Instability of spatial phenomena itself

The spatial data quality problem first comes from the instability of the spatial phenomenon itself. The inherent instability of spatial phenomena includes spatial features and process uncertainties in space, thematic and temporal content. The spatial uncertainty of spatial phenomena refers to the uncertainty of its spatial position distribution; the temporal uncertainty of the spatial phenomenon is manifested by its migration over the time period of occurrence; the uncertainty of spatial phenomena in attributes is manifested by the diversity of attribute types and the inaccuracy of non-numerical attribute values.Therefore, the quality problem of spatial data is inevitable.

Expressions of spatial phenomena

The methods of measurement and the selection of measurement accuracy in data acquisition are influenced by human’s own understanding and expression, which will lead to errors in data generation. For example, in map projection, the projection conversion from ellipsoid to plane inevitably produces errors; all kinds of measuring instruments used to obtain various original data have certain design accuracy, such as the geographic position data provided by GPS have certain design accuracy required by users, so the generation of data errors is inevitable.

Error in spatial data processing

In the process of spatial data processing, there are several errors that are easy to occur:

Projection transformation: Map projection is a topological transformation from an open three-dimensional ellipsoid to a two-dimensional field plane. Under different projection forms, the location, area and direction of geographical features will be different.

Map digitization and vector processing after scanning: errors may occur in the position accuracy, spatial resolution and attribute assignment of sampling points in the digitization process.

Data format conversion: In the data format conversion between vector format and raster format, the position of the spatial features expressed by the data is different.

Data abstraction: Errors caused by clustering, merging, merging, etc. of data when the data is scaled, such as knowledge error and the variation error of the spatial feature position expressed by the data.

Establishing topological relationship: The change of position coordinates accompanied by spatial features expressed by data in the process of topology.

Matching with master data layer: In a database, multi-level data planes in the same area are often stored. In order to ensure the coordination of spatial positions among data layers, a master data layer is generally established to control the boundary and control points of other data layers. In the process of matching with the master data layer, there will also be spatial displacement, which will lead to errors.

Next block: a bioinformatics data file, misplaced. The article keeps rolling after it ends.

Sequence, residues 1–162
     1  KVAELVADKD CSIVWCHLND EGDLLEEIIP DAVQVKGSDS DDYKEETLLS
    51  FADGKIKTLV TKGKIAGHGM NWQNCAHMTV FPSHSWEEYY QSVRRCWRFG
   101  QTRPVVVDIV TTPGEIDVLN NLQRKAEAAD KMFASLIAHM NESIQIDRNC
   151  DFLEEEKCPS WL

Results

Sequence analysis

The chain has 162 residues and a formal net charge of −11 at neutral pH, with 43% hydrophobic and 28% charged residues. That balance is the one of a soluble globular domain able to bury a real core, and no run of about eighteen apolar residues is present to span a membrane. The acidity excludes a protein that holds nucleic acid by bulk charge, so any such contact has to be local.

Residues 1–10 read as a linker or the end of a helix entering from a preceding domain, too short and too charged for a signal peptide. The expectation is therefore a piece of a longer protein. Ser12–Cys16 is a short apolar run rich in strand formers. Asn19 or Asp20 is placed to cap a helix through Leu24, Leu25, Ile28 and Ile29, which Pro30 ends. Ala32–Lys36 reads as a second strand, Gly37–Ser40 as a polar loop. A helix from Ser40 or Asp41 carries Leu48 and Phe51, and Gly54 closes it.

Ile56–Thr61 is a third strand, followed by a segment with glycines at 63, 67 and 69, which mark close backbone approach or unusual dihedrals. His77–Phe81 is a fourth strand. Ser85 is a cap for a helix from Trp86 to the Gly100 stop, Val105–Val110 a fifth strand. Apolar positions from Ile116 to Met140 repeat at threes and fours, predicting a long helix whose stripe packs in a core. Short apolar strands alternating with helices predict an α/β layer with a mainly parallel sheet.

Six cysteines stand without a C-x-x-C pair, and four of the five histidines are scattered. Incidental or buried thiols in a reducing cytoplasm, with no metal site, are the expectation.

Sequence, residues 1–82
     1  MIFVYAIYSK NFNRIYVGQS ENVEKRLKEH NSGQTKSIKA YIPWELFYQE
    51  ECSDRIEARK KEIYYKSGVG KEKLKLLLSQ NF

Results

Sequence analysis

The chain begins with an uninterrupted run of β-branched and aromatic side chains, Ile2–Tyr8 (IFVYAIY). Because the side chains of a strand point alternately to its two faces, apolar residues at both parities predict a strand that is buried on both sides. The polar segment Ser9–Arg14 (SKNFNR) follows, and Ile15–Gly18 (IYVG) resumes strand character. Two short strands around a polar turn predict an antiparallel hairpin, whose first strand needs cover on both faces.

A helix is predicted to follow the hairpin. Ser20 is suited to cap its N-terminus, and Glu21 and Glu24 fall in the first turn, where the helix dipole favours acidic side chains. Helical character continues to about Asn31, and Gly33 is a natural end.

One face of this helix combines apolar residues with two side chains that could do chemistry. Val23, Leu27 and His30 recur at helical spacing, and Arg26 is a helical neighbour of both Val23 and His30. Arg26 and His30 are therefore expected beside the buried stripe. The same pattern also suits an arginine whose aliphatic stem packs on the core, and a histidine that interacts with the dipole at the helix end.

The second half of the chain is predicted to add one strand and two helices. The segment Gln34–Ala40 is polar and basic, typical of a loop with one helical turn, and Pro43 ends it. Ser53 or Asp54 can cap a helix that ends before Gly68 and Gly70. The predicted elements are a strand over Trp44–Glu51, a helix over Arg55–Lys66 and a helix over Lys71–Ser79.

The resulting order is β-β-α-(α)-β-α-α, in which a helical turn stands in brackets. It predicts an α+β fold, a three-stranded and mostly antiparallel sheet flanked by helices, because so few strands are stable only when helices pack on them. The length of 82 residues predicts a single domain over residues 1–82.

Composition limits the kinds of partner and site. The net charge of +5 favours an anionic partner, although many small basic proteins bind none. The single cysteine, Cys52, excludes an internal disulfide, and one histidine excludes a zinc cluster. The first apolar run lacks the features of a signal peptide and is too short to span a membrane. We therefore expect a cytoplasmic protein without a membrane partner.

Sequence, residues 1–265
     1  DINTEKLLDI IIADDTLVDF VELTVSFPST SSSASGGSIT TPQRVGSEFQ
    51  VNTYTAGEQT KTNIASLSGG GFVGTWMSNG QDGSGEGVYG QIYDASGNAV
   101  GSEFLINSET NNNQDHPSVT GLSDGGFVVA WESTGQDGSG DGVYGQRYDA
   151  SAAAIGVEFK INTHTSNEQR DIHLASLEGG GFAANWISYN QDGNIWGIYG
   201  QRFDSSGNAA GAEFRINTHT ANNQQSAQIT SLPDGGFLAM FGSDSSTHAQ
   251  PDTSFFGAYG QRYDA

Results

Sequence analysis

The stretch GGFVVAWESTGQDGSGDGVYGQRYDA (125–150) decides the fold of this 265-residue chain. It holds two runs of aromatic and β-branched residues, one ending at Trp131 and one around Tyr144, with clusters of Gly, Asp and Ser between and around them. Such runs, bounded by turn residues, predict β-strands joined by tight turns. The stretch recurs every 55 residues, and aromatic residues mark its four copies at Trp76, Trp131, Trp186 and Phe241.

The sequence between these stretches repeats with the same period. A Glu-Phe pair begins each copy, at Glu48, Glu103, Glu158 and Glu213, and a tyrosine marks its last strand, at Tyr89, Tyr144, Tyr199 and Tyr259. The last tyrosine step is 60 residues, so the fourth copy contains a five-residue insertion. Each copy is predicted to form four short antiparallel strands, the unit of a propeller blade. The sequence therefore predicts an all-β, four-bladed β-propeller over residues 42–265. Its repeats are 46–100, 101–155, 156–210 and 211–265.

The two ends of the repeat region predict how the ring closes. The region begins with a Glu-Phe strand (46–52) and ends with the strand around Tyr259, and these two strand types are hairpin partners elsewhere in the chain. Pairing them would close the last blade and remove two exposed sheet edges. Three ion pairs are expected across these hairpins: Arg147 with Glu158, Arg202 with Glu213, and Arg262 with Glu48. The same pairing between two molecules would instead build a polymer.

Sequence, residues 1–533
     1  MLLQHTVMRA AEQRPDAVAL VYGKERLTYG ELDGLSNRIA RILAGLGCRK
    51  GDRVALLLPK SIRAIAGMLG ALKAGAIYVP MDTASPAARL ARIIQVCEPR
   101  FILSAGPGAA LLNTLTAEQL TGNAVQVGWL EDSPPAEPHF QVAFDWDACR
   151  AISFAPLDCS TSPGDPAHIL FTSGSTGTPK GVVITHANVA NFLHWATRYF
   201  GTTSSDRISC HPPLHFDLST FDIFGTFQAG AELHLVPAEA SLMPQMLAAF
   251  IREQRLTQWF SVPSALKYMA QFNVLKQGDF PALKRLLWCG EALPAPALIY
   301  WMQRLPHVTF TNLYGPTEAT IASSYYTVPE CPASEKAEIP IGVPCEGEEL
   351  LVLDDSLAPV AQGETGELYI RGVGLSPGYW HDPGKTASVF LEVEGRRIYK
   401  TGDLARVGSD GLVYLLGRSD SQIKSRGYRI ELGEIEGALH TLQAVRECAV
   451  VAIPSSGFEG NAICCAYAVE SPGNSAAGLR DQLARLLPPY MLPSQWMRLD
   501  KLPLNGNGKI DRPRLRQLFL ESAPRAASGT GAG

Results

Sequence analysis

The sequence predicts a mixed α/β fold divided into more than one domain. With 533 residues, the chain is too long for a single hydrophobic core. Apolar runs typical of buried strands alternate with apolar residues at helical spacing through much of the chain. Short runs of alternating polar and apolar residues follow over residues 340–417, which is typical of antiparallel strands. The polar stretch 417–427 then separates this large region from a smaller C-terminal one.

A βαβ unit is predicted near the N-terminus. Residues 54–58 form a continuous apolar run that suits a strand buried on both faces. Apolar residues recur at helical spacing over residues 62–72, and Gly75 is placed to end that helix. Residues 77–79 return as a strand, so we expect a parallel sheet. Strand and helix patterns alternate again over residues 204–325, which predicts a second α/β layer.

Data superposition operation and update: When data is superimposed and updated, there will be differences in spatial location and attribute values.

Data integration processing: Refers to the errors in the process of interoperability of various data sets with different sources and types. Data integration is a complex process including data preprocessing, data interpolation and data expression, in which location error and attribute error will occur.

Visual representation of data: In order to adapt to the visual effect in the process of data visualization, it is necessary to adjust the spatial feature location and annotation of data, which results in errors in data expression.

The transmission and diffusion of errors in data processing: In each process of data processing, errors are accumulated and diffused, and the accumulated errors in the former process may become the origin of errors in the next stage, leading to the generation of new errors.

Errors in the use of spatial data

Errors will also occur in the process of using spatial data, which mainly includes two aspects: one is the process of data interpretation, the other is the lack of documents. For the same kind of spatial data, different users may interpret and understand its content differently, the way to deal with this kind of problem is to provide various related documents with spatial data, such as metadata. In addition, the lack of descriptions of spatial data from different sources in a region, such as the lack of descriptive information such as projection type and data definition, often results in the random use of data by data users and the spread of errors.